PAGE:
The war that won't end: Civilian who served in Afghanistan still fighting for PTSD benefits

The telephone call that changed Mohammad Amin’s life came in the summer of 2005, while he was working as a supervisor at a manufacturing plant in Toronto.

An Afghan immigrant, he’d lived a quiet, peaceful life and was looking to get married and settle down.

But Amin also had skills and expertise that were in short supply in the Canadian military as it prepared for what was then expected to be a year-long deployment in Kandahar, his hometown. He spoke the local languages — Dari and Pashto — and knew the finer points of what many in the West still see as an inscrutable culture.

The army major on the other end of the call asked Amin to serve his new country as a “language and cultural adviser” to the mission. He agreed, seeing it as a way to give back to both his new home and the country of his birth.

The year-long deployment turned into a five-year combat mission for the Canadian Armed Forces. Like a lot of other Canadians who took part in that mission, Amin brought the war home with him in the form of post-traumatic stress disorder.

But unlike most of the Canadians he served with under fire, Amin went to Afghanistan as a civilian contractor — not a soldier. And when he reached out to the federal government for help with his condition, he was told he wasn’t eligible because he had not applied for civilian benefits within three months of the end of his contract.

Mohammad Amin in Panjwaii with an unidentified Afghan child. (CBC News/Contributed)

“We were ready to die for the country, all of us. And when we come back, why is there a difference?” Amin told CBC News.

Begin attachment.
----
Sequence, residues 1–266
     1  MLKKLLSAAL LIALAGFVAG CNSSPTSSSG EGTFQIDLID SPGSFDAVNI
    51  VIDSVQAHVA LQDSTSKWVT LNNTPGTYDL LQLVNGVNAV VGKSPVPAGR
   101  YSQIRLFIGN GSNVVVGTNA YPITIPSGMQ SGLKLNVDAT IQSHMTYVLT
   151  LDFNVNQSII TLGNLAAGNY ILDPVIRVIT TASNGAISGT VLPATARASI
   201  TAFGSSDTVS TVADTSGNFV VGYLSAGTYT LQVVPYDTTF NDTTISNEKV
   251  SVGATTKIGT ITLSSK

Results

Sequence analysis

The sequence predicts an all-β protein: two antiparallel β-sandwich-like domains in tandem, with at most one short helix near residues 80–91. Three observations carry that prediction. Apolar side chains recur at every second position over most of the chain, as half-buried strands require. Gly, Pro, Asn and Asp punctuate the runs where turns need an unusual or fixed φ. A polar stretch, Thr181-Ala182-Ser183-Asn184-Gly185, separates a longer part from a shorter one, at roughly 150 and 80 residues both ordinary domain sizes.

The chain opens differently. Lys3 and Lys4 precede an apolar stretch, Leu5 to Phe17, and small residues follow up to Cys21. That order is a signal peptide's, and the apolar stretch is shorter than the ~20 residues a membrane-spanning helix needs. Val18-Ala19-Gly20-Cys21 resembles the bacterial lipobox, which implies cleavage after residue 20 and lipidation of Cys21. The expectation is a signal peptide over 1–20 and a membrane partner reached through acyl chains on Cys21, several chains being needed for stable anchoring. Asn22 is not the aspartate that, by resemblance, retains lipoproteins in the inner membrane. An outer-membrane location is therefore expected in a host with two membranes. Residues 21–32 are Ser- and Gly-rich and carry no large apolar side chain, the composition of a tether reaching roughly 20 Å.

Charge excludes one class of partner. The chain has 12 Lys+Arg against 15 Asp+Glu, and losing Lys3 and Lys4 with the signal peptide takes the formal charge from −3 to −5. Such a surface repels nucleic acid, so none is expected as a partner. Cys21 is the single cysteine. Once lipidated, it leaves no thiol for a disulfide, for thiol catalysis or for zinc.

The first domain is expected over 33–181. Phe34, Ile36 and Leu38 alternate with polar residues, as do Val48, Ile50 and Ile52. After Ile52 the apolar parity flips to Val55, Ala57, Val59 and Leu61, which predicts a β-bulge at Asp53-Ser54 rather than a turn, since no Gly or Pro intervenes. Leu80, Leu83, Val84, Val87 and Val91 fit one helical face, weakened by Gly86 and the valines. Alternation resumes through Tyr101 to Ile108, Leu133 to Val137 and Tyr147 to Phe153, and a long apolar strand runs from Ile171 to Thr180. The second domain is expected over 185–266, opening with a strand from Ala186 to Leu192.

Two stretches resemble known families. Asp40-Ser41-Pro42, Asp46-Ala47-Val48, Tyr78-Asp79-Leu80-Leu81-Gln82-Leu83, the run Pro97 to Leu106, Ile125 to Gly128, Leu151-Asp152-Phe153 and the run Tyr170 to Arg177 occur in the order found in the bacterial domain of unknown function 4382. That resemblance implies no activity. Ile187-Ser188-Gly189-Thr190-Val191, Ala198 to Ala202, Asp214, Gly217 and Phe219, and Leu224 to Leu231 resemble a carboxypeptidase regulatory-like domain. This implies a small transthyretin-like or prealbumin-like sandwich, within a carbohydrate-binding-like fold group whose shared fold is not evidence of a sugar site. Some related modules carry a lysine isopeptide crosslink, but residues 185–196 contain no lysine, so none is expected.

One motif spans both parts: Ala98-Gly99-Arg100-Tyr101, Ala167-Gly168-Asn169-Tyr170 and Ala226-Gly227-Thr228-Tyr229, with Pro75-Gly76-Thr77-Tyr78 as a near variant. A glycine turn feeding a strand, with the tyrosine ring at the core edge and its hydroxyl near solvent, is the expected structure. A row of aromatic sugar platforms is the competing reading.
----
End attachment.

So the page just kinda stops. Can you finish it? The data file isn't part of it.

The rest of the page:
“If you want to use civilians in a war zone, you’ve got to be able to help them.”

Within months of signing up — and with little training in handling combat zone stress — Amin found himself back in Afghanistan serving alongside Canada’s elite special forces as they conducted highly secret operations against the rising Taliban insurgency — classified missions he’s forbidden to discuss even today.

“I was pretty much involved in everything,” Amin said. “If someone in the military was going outside of the wire once a day, I was going inside and outside of the wire once or twice a day.”

Civilians shared the risks, not the benefits

Amin deployed seven times over the span of the mission. He earned rave reviews from his various commanders and a military General Service Medal for his work in translating and gathering intelligence outside the wire in one of the most dangerous places in the world.

(Amin conducted a number of high-risk missions that are classified and, because of security concerns, CBC News has agreed to not publish his full name.)

While he’d been offered a spot with the Canadian military training mission in Kabul, by 2011 Amin had decided he’d had enough. But coming home only meant trading one struggle for another — this time with the government that sent him to Kandahar in the first place.

He’s experienced all the classic PTSD symptoms — nightmares, insomnia, crushing depression, flashbacks, panic attacks, bouts of uncontrollable weeping. He initially sought help for his condition by calling the Veterans Affairs helpline in 2012.